Tuesday, September 28, 2004

Another stunning day.



The leaves are turning now. Not as spectacular a display as I grew up with in Ontario, but they mark the seasons nonetheless. It's the Big-leaf Maples that are putting on the real show at the moment, as their huge leaves turn yellow and stand out in stark contrast to the evergreen shades of Douglas-fir and Western Red-cedar.



More alarming though is what seems to be happening to the Western Red-cedars. Many of these trees, especially along Miller Road and in Crippen Park are changing colour. Substantial numbers of their leaves are going yellow, curiously, only on the inside of the branch closest to the trunk. The leaves at the end of the branches are green, but the pattern seems to be that along each minor branch, several sprigs close to the trunk are yellowed and dried up.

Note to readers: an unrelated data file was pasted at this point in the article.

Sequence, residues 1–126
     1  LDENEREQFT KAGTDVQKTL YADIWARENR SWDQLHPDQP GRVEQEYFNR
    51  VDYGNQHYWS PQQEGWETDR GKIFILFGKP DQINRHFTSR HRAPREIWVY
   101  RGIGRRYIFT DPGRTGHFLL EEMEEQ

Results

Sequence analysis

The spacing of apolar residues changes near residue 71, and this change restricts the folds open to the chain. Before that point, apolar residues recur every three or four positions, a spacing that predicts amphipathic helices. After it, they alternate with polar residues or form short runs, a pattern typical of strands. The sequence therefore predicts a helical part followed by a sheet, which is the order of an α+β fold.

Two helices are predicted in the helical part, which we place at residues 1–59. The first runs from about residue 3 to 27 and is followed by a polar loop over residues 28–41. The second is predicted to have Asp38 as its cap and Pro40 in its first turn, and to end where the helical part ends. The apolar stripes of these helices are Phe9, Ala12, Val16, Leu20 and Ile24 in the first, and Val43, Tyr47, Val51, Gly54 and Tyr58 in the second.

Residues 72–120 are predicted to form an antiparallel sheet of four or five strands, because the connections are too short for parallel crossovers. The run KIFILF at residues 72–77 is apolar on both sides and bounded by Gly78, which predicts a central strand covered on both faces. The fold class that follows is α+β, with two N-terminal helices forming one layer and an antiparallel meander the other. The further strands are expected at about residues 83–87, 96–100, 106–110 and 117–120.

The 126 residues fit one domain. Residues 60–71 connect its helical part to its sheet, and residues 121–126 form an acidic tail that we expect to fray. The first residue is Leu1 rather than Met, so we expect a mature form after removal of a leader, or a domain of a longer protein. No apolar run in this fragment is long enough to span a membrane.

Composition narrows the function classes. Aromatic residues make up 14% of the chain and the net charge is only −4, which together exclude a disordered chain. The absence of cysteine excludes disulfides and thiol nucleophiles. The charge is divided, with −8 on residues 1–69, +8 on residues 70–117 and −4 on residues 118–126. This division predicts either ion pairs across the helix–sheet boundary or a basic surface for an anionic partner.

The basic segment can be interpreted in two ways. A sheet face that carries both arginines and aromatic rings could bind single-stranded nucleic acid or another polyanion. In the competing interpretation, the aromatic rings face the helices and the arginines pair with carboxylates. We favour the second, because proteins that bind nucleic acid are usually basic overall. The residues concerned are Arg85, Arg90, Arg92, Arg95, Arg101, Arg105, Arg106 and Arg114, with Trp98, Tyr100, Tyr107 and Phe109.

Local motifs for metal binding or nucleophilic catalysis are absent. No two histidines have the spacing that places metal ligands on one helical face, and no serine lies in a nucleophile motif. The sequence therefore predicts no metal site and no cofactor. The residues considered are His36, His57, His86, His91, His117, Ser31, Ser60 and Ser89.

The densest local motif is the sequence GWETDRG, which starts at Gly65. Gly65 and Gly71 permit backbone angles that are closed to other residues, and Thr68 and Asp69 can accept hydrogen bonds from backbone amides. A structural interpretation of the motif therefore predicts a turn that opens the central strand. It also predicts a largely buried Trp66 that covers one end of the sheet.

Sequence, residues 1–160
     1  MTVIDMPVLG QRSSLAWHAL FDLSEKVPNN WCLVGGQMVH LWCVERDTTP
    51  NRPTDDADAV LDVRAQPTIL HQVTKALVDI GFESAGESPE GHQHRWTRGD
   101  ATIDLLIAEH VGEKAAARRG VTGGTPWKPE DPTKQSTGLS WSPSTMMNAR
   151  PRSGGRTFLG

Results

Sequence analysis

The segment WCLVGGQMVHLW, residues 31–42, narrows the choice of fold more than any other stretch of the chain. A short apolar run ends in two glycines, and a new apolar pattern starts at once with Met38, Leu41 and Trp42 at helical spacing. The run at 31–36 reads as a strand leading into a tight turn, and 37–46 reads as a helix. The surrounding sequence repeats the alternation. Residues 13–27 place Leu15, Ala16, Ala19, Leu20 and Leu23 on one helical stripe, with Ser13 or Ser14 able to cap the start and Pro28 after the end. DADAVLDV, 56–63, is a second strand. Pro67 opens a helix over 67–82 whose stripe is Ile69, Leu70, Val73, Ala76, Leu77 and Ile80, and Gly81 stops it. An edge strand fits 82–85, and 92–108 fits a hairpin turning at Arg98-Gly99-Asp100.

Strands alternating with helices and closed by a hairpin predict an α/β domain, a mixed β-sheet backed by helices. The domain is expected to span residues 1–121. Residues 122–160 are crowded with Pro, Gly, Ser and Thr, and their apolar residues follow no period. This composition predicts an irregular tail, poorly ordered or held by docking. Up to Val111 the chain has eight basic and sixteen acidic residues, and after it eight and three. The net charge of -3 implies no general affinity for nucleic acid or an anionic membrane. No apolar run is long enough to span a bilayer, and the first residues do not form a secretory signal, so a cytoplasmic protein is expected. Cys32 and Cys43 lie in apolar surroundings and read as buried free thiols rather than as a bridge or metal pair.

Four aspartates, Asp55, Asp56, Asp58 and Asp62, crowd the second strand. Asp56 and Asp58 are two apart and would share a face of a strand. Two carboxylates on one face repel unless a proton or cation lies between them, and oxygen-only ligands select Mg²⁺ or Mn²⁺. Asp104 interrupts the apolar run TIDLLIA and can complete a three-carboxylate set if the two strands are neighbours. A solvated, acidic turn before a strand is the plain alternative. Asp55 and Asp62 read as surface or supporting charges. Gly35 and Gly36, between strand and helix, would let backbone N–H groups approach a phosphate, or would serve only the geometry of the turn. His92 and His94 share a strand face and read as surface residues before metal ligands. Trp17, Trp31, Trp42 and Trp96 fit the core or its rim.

I've never seen this before, and my instinct is that it's the result of the last few years of stress on the trees from the soils drying out. Cedars like moist conditions, scarce in the droughts of the past three summers. It seems like the trees are focusing their energy on growth and on the leaves at the edges where the light is, sacrificing the shadier branches which perhaps don't produce as much food for the tree.



What do you think is happening?